Jesus Provides Food for Thousands (Matthew 14:14-21; Mark 6:34-46; Luke 9:11-17; John 6:3-15)

When Jesus and his apostles went ashore on the other side of the Sea of Galilee, a large crowd was already waiting for them. Although their presence interfered with his plan for the apostles to get some rest in an isolated area, Jesus was moved with compassion for the people. He considered them to be like helpless sheep without the concern and guidance of a caring shepherd. He then began to teach them about the kingdom of God and healed the sick among them. (Matthew 14:14; Mark 6:34; Luke 9:11)

The biblical accounts do not contain specifics about what Jesus taught on this occasion and whether he spoke to the multitude or taught groups of people as they came to him and raised questions. According to John 6:3, Jesus and his disciples ascended a mountainside and there seated themselves in a grassy area. (John 6:10) Just as he and his disciples found a suitable location, the thousands who had come to the area would have done likewise. Men would have started talking with other men, and women with other women. Children would have engaged in play. Likely, at various times, groups of people would have approached Jesus and then left as others came. His teaching must have prompted many conversations.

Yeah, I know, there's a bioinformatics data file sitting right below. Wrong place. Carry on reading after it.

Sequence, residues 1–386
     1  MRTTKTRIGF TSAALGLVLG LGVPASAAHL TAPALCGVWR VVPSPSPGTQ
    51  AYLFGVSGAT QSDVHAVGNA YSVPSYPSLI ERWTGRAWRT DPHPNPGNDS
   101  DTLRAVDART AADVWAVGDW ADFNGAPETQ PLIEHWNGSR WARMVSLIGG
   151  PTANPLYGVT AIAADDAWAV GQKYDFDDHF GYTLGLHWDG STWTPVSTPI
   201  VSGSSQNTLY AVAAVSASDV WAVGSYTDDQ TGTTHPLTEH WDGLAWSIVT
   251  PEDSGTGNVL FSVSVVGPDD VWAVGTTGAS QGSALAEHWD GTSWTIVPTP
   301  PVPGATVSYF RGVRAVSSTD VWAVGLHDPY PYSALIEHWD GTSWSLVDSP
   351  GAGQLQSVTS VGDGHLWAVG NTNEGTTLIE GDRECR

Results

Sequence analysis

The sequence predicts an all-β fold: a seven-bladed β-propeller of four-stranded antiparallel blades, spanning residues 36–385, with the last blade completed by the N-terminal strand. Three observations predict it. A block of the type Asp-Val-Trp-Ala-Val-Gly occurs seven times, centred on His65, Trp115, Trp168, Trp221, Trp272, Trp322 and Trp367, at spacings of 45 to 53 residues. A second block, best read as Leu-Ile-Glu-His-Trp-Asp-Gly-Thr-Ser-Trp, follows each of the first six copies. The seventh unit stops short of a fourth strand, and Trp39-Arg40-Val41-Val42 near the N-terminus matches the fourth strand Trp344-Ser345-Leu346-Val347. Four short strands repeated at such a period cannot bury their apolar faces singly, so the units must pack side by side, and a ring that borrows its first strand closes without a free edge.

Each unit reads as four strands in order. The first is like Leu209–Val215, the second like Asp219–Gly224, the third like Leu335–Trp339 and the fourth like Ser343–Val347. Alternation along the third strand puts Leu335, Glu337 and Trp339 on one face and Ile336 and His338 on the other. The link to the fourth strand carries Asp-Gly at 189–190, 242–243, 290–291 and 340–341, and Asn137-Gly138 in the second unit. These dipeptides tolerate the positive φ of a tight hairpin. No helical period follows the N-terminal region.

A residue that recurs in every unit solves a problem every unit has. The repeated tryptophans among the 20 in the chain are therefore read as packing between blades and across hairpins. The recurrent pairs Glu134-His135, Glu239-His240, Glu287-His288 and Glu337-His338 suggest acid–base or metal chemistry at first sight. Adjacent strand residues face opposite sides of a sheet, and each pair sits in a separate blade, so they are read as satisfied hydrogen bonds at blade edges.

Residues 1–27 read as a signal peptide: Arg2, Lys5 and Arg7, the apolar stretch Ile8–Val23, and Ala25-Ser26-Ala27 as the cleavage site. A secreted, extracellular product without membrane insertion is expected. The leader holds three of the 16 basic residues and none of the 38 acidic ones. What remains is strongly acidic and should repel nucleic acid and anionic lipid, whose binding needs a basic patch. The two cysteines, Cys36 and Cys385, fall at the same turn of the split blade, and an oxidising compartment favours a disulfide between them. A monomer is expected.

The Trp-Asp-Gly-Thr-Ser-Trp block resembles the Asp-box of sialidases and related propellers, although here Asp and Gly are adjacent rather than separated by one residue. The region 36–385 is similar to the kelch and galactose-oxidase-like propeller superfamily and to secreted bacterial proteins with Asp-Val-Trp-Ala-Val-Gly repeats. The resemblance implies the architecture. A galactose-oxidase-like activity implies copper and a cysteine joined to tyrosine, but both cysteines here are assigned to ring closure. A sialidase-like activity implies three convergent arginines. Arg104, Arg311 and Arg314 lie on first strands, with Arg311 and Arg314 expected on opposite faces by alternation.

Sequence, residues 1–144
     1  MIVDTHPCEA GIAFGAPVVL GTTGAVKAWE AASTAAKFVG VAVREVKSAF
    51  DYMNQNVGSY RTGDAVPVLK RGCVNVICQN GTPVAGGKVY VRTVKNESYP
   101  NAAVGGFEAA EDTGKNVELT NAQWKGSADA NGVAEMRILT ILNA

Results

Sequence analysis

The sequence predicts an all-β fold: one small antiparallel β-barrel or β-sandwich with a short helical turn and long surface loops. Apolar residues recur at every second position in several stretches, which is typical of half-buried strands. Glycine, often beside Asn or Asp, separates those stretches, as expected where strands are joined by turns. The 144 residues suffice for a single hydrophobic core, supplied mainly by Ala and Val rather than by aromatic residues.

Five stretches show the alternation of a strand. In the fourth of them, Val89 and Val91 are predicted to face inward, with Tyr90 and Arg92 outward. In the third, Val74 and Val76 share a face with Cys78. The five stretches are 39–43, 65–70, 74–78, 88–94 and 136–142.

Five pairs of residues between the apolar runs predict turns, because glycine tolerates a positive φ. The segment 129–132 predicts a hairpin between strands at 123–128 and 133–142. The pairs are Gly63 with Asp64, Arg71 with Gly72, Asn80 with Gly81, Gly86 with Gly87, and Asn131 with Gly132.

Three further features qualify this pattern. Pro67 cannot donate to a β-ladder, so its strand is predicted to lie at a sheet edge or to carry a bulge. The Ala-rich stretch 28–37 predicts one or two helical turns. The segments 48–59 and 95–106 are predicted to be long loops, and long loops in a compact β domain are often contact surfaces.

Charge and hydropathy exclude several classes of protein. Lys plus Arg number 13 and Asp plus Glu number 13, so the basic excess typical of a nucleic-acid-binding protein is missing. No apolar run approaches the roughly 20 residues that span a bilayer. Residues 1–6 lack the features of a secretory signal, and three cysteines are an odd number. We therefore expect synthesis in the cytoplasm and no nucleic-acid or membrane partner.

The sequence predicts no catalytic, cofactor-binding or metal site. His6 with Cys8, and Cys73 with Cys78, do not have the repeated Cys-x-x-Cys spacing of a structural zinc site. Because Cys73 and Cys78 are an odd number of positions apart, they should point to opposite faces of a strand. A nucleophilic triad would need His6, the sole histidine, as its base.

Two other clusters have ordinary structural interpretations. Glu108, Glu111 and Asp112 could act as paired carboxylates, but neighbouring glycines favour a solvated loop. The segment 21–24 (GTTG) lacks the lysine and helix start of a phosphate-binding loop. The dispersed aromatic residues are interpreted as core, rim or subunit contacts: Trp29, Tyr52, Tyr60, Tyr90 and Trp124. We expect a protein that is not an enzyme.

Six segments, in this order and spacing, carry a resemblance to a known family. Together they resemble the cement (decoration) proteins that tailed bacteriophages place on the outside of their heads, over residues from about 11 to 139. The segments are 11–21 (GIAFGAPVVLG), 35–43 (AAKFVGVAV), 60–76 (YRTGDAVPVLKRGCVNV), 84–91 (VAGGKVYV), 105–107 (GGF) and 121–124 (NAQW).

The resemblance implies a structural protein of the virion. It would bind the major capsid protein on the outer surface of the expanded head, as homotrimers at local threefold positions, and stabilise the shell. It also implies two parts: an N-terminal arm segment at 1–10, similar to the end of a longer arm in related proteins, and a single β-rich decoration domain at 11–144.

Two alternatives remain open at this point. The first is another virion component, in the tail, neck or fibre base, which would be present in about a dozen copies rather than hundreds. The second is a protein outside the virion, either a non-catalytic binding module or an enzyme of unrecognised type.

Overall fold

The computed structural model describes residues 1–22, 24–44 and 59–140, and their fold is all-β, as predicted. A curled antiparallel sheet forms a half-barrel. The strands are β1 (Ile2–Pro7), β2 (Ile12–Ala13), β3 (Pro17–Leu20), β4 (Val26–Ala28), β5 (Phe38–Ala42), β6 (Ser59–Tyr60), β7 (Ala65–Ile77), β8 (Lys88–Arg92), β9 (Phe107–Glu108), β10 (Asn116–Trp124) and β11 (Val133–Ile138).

Although considerable time passed, the crowd continued to remain in the isolated location. This prompted the disciples to suggest that Jesus dismiss the people so that they could buy food for themselves in the nearby villages. (Matthew 14:15; Mark 6:35, 36; Luke 9:12)